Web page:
On January 25th 2015, Sky News successfully broadcasted the Greek elections live in HD over the first Inmarsat GX satellite. This was the first occasional use (OU) video transmission to go over the first satellite of the GX high-throughput platform that is expected to become fully operational in the second half of 2015 and offer global services. The successful experience was attributed to the reliability and high quality of the connection enabling a steady HD live broadcast as well as the ease-of-use of the Ka-band ground terminal, provided by a third party integrator.
To better understand the significance of this experience, it is necessary to examine the drivers and tools, which led to this event as well as future implications.
Transmitting breaking and scheduled events to audiences worldwide motivates broadcasters. A reliable connection, as well as steady uncontested bandwidth, is among the top priorities that result in a pre-engineered high quality transmission feed. GX by Inmarsat and EpicNG by Intelsat represent the only global HTS platforms to-date that could offer OU services into the most remote and hard-to-reach areas. Other regional operators such as Eutelsat (KA-sat) have also targeted HTS-based SNG via their advanced capacity.
The main drivers for broadcasters to utilize global HTS options are the availability of abundant bandwidth for high-resolution broadcasts as well as the relatively low price for bandwidth as compared to traditional FSS and MSS solutions. The intrinsic nature of HTS platforms in terms of offering multiple Gbps helps lower the price point for OU capacity based on economies of scale and the supply-and-demand equation, while FSS and MSS platforms can only provide limited supplies of capacity that are highly contended during the times of OU events.
A key factor in the choice for any platform for OU transmissions is the ground terminal equipment enabling the OU broadcast. OU events tend to be of a speedy nature and present limited real estate requiring small, easy-to-set-up terminals. Automated signal acquisition, backpack terminals and flyaways have been major contributors to the growth of OU over satellite platforms. The characteristics of HTS link budgets offering high bit rates at high reliability levels have enabled the development of user-friendly terminals enabling swift action when and where needed.
Another relevant characteristic in the toolkit of HTS platforms is the IP-centric nature. Hence, both video and IP feeds become possible out of one hand as well as the integration with other IP-driven technologies, such as 4G/LTE for the purposes of redundancy enabling seamless, uninterrupted coverage when using bonded-cellular technologies. This makes satellite an option not just in remote areas but in urban and suburban areas as well where terrestrial networks can get congested and a seamless automatic transition to satellite becomes necessary.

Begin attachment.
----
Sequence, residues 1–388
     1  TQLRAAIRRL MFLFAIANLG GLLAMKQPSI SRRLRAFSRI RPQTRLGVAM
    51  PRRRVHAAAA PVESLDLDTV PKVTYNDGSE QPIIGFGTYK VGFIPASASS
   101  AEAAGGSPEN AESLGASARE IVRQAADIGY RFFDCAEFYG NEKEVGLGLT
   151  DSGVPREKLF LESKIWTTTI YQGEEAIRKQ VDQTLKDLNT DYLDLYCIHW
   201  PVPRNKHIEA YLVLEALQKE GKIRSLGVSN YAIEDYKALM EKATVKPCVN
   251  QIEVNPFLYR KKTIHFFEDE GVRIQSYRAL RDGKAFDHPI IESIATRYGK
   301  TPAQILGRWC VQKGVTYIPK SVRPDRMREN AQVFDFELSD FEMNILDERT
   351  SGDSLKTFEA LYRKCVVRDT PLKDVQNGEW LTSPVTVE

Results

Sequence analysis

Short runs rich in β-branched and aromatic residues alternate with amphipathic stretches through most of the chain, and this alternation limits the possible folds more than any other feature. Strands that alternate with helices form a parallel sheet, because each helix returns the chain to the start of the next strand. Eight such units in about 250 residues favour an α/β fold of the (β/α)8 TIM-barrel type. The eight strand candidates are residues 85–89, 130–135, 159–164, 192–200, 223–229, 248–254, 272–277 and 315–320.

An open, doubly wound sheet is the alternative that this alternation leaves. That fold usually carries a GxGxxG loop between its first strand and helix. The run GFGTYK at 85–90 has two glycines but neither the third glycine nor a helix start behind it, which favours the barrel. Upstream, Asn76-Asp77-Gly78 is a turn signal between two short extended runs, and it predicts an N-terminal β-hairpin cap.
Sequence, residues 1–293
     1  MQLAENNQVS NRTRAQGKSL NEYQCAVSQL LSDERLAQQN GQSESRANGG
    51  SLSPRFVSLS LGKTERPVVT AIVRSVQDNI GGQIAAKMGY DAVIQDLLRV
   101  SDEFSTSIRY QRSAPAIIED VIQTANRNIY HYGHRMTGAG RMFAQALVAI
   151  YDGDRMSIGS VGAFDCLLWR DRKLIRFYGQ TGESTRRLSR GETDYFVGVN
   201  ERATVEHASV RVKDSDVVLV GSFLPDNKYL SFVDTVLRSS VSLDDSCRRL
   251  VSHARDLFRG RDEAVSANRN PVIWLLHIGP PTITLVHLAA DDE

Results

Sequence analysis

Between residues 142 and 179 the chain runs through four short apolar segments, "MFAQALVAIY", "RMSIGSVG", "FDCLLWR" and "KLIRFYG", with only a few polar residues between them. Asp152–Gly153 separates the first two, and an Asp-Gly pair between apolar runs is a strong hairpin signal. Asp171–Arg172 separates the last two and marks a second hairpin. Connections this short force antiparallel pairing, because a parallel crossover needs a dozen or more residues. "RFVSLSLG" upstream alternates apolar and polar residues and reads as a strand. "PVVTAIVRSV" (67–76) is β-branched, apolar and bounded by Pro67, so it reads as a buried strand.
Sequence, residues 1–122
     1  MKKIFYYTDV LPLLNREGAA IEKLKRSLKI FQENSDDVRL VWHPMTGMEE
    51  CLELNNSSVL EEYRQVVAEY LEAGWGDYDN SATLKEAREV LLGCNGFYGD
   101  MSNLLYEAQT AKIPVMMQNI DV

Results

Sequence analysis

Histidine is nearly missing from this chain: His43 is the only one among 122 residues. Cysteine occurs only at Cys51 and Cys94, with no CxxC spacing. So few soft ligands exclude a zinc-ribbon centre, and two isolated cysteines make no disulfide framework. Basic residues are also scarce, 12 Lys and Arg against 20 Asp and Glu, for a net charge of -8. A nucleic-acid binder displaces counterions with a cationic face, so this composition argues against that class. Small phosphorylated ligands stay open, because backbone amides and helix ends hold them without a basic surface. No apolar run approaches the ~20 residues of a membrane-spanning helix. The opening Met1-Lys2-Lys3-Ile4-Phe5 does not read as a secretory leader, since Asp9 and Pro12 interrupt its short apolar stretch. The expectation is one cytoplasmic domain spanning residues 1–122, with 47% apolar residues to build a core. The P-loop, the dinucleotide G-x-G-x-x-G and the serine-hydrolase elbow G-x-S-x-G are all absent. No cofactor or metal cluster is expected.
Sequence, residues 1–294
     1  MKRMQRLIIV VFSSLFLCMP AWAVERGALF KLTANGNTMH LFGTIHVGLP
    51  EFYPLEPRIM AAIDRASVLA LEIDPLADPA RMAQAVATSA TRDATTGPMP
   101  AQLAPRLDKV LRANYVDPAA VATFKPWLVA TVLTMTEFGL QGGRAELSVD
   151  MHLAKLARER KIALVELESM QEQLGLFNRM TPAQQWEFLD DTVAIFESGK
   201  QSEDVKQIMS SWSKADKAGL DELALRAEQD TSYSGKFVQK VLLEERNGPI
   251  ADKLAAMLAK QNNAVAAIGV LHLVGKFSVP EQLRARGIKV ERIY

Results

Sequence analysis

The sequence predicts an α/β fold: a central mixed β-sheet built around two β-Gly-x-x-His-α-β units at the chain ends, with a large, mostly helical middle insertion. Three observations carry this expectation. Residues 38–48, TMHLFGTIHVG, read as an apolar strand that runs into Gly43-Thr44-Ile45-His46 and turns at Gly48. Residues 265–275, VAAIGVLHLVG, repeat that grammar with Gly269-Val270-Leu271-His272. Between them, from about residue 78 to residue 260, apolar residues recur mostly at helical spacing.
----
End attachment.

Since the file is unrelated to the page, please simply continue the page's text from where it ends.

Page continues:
As NSR lays out in its Contribution and Occasional Use TV Markets, 2nd Edition report, HTS is well poised to win some OU business over from traditional FSS and MSS platforms as well as create grounds for new demand. An unfolding trend that goes hand-in-hand with the previously mentioned characteristics of HTS platforms is the uptake of OU capacity for enterprise data communication. With the need for constant uninterrupted connections for data exchange, enterprise customers such as offshore O&G platforms or maritime vessels are leasing capacities on a temporary basis for time-limited needs. This is also true for enterprise customers wanting to connect multiple in-land sites for short events.
Another source starting to drive demand for OU capacity is the government sector. With sequestration being slightly relaxed, budgets are not high enough for year-long leases, yet, they are sufficient for short-term OU needs. In fact, the continuing first quarter of 2015 has seen more OU capacity booked by governments than in the entire second half of 2014.
With the launch of their first satellites, HTS platforms have seen some initial success with OU. The low price points for high-quality bandwidth that enable steady live HD streams mainly drive this. With huge amounts of capacity, global HTS platforms can provide available uncontended bandwidth when needed to cover scheduled and breaking events from any remote spot in the world. Regional HTS platforms with coverage over specific areas also provide the same advantage, but over limited geographies.
As seen in the chart above, although growth is forecasted for all satellite platforms except for FSS C-band, HTS will compete with FSS for a portion of the business as well as generate new demand. The added demand will see a considerable portion attributed to Enterprise IP-communications taking up OU capacity benefiting from low prices and the IP-centric nature of HTS. Once the HTS platforms complete their constellations and become globally operational with the respective readily available ground technology going mainstream, HTS platforms will see a noteworthy increase in OU hours, establishing a new and considerable source of revenue.
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